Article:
These new features include the ability to import audio, more sounds (included in a new 20GB download) and masses of new flexibility. It’s hard to imagine any software instrument delivering the same breadth and sheer sonic excellence as Omnisphere 2 does.
Retails for $499/£285. Check out our full review here.
Fabfilter Twin 2
Fabfilter makes some very special outboard and effect plug-ins, but before any of these, the company made this spectacular synth plug-in which still stands up very well today.
Featuring some amazing (and very electronic and dance-based) presets, this is a virtual analogue that still cuts through any mix and still slots into many genres. Easy tweaking, routing and editing on the front panel and a sound that really works on many levels: one that will probably never go out of fashion.
Retails for $154/£114.
Native Instruments Rounds
Rounds is a complex, powerful synth that provides huge sounds and creates clever, dynamic sequences. Featuring both an analogue and digital synth engine with up to eight sounds each, Rounds is an initially straightforward beast to tame but has a lot of depth and, when you start to ‘animate’ those sounds, some superb sonics. It will take work to make your own patches but you will see that this synth is capable of some stunning results.
Retails for $99/£89. Check out our full review here.
iZotope Iris 2
When does an audio sampler become a synth? When it has the modulation features and synthesis options that Iris offers, that’s when. The latest version of iZotope’s software features five complex LFOs and 20 oscillator shapes to enable you to extract and synthesise audio over and over again.
The true value of this instrument is capturing your own sounds and transforming them into playable music, a task made even more flexible with the new modulation system. This is a fantastic package and a unique instrument that is more flexible than ever – the sound library is worth the asking price alone.
Retails for $149/£129. Check out our full review here.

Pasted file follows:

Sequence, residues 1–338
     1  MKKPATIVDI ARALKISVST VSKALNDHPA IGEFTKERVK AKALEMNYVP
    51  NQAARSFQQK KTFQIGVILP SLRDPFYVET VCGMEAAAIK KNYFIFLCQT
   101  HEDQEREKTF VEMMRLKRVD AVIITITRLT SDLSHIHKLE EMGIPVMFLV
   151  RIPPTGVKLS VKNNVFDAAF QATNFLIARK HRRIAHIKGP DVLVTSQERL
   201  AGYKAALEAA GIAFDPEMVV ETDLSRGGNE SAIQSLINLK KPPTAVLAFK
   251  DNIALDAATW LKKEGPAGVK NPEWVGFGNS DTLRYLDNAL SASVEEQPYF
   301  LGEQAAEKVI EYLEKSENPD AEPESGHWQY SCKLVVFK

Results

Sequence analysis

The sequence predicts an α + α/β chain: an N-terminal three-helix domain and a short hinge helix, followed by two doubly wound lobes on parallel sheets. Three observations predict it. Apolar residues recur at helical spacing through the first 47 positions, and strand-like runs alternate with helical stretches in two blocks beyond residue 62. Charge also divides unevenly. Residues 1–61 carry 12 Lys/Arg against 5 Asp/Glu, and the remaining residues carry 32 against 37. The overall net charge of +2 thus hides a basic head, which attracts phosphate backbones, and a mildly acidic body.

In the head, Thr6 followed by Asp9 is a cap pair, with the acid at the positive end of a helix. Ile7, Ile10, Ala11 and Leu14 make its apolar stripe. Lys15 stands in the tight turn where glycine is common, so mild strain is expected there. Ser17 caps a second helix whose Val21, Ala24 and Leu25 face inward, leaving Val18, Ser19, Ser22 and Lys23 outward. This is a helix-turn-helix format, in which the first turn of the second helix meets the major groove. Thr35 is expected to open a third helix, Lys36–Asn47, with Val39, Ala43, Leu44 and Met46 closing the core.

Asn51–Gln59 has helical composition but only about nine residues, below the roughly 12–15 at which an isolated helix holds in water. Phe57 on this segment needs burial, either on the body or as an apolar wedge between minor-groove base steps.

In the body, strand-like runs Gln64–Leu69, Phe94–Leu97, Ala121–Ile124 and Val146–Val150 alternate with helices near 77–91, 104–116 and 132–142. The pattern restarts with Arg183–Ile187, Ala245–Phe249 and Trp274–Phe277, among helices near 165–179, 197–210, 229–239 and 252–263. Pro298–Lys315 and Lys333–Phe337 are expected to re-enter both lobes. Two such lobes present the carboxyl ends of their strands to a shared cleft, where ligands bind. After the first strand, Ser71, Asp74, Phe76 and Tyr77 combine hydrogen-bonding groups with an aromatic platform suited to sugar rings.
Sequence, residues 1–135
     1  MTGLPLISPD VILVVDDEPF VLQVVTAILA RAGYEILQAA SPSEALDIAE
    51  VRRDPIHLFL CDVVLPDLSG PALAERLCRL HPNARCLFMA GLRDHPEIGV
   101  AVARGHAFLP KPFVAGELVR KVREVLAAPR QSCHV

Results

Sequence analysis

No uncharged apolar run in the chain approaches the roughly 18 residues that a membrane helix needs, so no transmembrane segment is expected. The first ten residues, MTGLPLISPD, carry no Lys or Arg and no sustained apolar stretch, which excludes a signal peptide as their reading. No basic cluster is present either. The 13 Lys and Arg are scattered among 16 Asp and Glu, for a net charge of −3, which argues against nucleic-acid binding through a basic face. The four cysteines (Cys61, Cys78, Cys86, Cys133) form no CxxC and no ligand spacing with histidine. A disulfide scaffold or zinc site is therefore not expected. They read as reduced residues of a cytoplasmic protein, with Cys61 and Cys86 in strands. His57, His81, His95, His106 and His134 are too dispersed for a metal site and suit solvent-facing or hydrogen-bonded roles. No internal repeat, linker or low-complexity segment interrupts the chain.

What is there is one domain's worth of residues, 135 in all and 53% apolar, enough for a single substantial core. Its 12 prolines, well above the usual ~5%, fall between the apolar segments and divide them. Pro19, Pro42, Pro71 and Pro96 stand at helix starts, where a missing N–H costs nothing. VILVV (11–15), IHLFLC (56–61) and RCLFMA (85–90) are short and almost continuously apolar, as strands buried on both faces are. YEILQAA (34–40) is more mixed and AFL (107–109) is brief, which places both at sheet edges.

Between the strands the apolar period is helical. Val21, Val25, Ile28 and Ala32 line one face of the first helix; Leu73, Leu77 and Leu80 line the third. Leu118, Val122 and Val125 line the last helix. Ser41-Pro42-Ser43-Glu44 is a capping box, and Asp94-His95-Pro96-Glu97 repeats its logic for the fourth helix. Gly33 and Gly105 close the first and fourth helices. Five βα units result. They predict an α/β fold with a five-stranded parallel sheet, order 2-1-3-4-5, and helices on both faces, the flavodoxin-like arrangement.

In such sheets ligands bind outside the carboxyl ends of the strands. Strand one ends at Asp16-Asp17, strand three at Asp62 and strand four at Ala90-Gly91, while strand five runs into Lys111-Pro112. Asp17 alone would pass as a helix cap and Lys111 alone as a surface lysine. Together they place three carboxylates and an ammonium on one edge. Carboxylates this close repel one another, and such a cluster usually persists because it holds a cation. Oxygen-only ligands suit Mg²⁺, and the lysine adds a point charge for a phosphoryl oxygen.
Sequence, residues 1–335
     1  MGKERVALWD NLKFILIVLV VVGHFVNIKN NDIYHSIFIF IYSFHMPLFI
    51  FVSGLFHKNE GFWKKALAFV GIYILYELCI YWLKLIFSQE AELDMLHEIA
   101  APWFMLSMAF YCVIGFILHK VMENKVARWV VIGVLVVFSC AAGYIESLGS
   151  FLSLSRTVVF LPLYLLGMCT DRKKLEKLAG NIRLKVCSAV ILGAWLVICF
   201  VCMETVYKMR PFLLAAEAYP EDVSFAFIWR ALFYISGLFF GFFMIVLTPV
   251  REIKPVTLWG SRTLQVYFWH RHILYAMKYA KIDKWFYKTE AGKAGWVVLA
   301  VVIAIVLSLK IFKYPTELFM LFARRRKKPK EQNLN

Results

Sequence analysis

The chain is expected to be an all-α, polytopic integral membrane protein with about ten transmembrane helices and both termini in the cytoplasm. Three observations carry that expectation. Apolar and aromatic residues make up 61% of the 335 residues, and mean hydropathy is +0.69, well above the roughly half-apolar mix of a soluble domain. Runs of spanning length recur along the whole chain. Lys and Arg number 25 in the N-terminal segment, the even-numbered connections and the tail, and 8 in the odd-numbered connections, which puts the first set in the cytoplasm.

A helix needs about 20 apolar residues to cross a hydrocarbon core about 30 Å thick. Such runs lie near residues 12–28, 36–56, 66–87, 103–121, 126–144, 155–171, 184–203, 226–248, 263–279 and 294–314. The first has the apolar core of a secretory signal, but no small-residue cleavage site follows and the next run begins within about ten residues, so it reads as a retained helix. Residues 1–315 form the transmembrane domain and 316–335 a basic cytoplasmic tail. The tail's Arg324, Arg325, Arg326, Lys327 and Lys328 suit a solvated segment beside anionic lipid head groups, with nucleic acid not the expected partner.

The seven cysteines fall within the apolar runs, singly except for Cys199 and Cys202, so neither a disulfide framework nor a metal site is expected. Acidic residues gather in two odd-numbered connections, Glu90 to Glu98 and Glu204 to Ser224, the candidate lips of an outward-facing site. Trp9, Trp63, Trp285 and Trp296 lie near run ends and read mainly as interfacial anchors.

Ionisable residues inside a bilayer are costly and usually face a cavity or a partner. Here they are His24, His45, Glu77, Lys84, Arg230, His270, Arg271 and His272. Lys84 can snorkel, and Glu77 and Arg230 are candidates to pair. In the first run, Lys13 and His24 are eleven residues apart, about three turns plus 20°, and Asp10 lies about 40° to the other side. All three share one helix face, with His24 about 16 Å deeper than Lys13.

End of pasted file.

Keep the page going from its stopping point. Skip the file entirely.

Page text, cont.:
Native Instruments Massive
While we’d like to include only one soft synth from each company, it’s hard to when it comes to Native Instruments as it has such a rich portfolio – FM8 and Reaktor were also in the running. Massive is certainly the analogue to Razor’s edgy digital, the two together offering a great spectrum of sound. Huge basses and leads are what you get; the very elements that can make or break a track – and in this case most definitely the former. With more than 1,300 sounds to choose from you certainly won’t go wanting. Put simply: all the highs and lows you will ever need.
Retails for $/€149.
As an introduction to the wired world of modular synths, Complex-1 delivers both the West Coast oscillator/low-pass gates/shaper module setup, and the more traditional Moog-like oscillator/filter setup.
You get to enjoy all of the experimentation of plugging away, creating something new and taking the credit for what you absolutely had planned all along, and you also get the joys of software: meddle with someone else’s creations and save what you come up with, with ease. So, overall, Complex-1 might well be the non-complex route into modular you’ve been waiting for.
Retails for $/€99. Check out our full review here.
KV 331 Audio SynthMaster 2.9
SynthMaster may have been around for a long time, but every update has kept it fresh for the competition with the world’s best soft synths.
Now at version 2.9, SynthMaster has practically every sound generation feature you could want in a synthesizer: wavetable oscillators, loads of voicing parameters, dual filters, multistage envelope generators and a modular signal flow – all times two with two synthesis layers. On top of that, there’s also four LFOs, an effects section including a Vocoder, and loads more.
Retails from $29 to $279. Check out our full review here.
Strictly speaking, you’ll need a ROLI Seaboard RISE ‘keyboard’ to get the best out of Equator. That is the futuristic controller with the latex multi-touch keyboard that allows you to play and record dimensions you simply can’t get to with a regular keyboard. However, Equator is a great synth in its own right. It looks pretty bland, but can sound incredible.
Retails for $179. Check out our full review here.